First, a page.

In regard to special rates for Illinois Day, June 21. the question of rates for this day, Mr Harper states, was taken up by the transportation committee of the Trans-Mississippi and International Exposition Commission at Omaha, and one fare for the round trip was agreed upon before our committee had taken up the question of rates for that day. After my return from Europe we took up the question and tried to have the railroads interested re-open the question, and if possible make a rate of $10 for the round trip. In this we had your cooperation, but the result, as you know, was that the railroads were unwilling to make a less rate than one fare for the round trip.

In regard to the rate for Chicago Day, October 1, after you informed me that you had requested the exposition authorities at Omaha not to interfere in the question of rates for Chicago Day, and that we would handle the question from this end of the line, we took the matter up with the railroads interested and secured, as you know, the rate of $10 for the round trip, which was $2.75 per round trip less than the rate for Illinois Day.

Respectfully submitted.

E. S. Conway.

Chairman Committee on Transportation.



Chicago, Ill, December 6, 1898.

To William H. Harper, Chairman Executive Committee, Illinois Trans-Mississippi and International Exposition Commission.

Sir:—Your committee on buildings and grounds have the honor to submit the following report:

At a meeting of the executive committee, held September 16, 1897, the chairman of the building and grounds committee was directed to see architects and ask for plans for building. "The commission to be under no obligation to accept any plan or to pay for same unless said plans are finally accepted by the commission." At a meeting of the commission October 28, the building committee submitted several plans by different architects for an Illinois State Building at the Trans-Mississippi Exposition, and recommended as their first choice the plans and designs drawn by Wilson & Marshall, architects of Chicago. The committee approved the same and instructed the building committee to advertise for bids and to accept the lowest responsible bid. By virtue of this authority your committee secured bids from several contractors and builders, and the bid of William Goldie Sons Co., of Chicago, being esteemed by your committee to be the most advantageous and all things considered, the lowest bid, the contract was let to them at $14,285, upon their furnishing good and acceptable bonds in double the amount of the contract, the work to be supervised by architects Wilson & Marshall, for 5 per cent of the contract price, which met with the approval of the committee.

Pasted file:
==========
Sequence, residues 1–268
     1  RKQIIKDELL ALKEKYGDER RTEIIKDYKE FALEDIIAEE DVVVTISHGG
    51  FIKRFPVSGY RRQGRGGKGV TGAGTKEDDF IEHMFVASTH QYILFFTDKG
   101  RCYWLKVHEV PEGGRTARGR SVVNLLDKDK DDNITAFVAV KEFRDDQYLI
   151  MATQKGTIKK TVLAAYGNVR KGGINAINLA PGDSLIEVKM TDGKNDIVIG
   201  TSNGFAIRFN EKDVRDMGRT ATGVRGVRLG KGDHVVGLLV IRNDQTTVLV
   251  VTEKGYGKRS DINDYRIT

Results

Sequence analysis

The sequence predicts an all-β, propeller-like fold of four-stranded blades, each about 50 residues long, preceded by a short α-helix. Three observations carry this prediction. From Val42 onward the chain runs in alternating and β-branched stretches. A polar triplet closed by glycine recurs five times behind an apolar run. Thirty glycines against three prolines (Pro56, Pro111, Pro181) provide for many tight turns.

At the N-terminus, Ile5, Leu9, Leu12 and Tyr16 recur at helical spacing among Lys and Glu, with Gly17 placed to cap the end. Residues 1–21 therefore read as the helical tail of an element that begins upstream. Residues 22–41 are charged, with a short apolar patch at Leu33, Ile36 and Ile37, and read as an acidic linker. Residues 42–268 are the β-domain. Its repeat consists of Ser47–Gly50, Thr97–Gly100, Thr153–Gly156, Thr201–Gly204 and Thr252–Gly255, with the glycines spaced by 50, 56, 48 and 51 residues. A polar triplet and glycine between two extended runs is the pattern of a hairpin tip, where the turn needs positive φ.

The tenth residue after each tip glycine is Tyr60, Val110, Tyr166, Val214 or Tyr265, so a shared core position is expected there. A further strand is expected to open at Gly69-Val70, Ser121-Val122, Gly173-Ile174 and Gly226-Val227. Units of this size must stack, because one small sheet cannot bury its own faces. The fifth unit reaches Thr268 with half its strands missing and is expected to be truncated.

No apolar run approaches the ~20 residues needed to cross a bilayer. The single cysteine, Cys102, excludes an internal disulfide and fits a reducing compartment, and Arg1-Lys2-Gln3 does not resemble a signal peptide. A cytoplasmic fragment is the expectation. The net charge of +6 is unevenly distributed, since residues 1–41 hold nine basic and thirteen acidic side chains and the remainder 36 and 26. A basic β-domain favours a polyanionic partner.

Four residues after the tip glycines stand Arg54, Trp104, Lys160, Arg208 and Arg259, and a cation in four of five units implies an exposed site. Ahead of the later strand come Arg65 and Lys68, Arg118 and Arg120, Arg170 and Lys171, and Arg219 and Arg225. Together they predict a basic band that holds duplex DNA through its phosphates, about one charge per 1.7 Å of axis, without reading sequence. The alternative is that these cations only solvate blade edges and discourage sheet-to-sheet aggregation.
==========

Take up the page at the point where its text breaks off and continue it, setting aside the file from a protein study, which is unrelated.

At a meeting of the executive committee, held December 22, 1897, it was

"Resolved, That Mr. J. P. Whedon and such other members of this committee as he may associate with him are hereby authorized to provide for the decoration and furnishing of the Illinois building at an expense not to exceed thirty-five hundred dollars ($3,500)."

Pursuant to these instructions the chairman of the building committee associated with himself, Mr. Martin Kingman and Mr, C. C. Williams of the building committee, and Mr. Wm. H. Harper, Mr. Clark E. Carr and Mr. C. H. Keeler of the commission, and after an investigation of the prices and the quality of the material the contract was let to Marshall Field & Co. to furnish and decorate the building according to specifications furnished them for the sum of $3,107,74.   The building was completed and furnished according to contracts and opened for the reception of visitors on the opening day of the exposition, June 1, 1898.

At a meeting of the Commission, held at Omaha June 1, by a vote of the Commission the building committee was made a house committee with authority to make necessary purchases and repairs. This action of the Commission was supplemented by the action of the executive committee at a meeting held in Chicago September 13, at which meeting it was voted that the house committee "shall control the conduct and management of the Illinois State Building."

The building committee and house committee feel satisfied that the building, furnishing and conduct of the Illinois State Building reflected credit upon the State of Illinois.

Respectfully submitted,

James P. Whedon,




Chicago. III., November 30, 1898.

Wm. H. Harper, Esq., Chairman Committee Illinois Trans-Mississippi and International Exposition Commission, Chicago, III.: